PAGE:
Bid to boost science profile

May 4, 2007

The creation of a new Science and Technology Facilities Council has been described by academics as a "visionary" move that could give UK science more global clout and help attract investment in big projects.

Scientists who attended the launch event in London last week were upbeat about the new body, which has been formed through the merger of the Council for the Central Laboratory of the Research Councils and the Particle Physics and Astronomy Research Council.

But a few had concerns about the future focus and priorities of the new council, how it would be organised and structured and whether individual voices would be lost within the diverse community it aims to represent.

The council's remit will cover all the programmes, activities and facilities previously covered by the CCLRC and Pparc, plus responsibility for research in nuclear physics, which has been transferred from the Engineering and Physical Sciences Research Council.

This leaves it with a portfolio that includes astronomy, particle physics, particle astrophysics, nuclear physics, space science, synchroton radiation, neutron sources and high-power lasers. In addition, it is responsible for operating the Rutherford Appleton Laboratory in Oxfordshire, the Daresbury Laboratory in Cheshire and the UK Astronomy Technology Centre in Edinburgh.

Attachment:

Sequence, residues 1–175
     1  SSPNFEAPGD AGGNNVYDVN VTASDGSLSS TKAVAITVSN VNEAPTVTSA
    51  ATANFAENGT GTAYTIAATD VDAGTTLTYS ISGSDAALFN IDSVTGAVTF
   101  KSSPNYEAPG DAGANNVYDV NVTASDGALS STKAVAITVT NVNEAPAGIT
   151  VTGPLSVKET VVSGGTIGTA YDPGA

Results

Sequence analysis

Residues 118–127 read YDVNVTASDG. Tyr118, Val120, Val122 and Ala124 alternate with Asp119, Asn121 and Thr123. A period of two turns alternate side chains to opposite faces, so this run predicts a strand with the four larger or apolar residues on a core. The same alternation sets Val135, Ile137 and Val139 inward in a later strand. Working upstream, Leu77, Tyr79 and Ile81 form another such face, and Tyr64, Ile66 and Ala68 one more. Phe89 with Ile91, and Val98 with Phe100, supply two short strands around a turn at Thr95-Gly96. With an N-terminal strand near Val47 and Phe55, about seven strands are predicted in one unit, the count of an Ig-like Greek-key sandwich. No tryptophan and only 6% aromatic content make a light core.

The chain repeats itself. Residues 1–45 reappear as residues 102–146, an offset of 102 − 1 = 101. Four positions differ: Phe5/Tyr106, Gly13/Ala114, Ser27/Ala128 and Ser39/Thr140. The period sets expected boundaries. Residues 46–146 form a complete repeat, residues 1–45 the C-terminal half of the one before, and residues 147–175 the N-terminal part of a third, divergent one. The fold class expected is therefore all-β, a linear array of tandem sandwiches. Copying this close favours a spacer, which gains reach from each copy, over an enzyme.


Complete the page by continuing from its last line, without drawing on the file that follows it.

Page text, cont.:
Ali Zarbakhsh, a lecturer in physical chemistry at Queen Mary, University of London, said it was an "extremely bold and visionary move" to create a council that sought to represent the interests of such a broad range of scientists from both academia and industry.

He added: "What we don't know yet is what the final council will look like.

One would hope that it will have the vision to support all these people who do not have a common voice because they come from such diverse areas."

Jim Hough, director of the Institute for Gravitational Research at Glasgow University, said that the council had the potential to address problems that the UK has had in the past in attracting investment for big European science projects.

But Martin Barstow, head of physics and astronomy at Leicester University, was worried about whether the absence of the word "research" in the title of the council signalled a change in focus.

He said: "We need to ensure that the council's structures reflect what we want, which is research at the centre of its focus."

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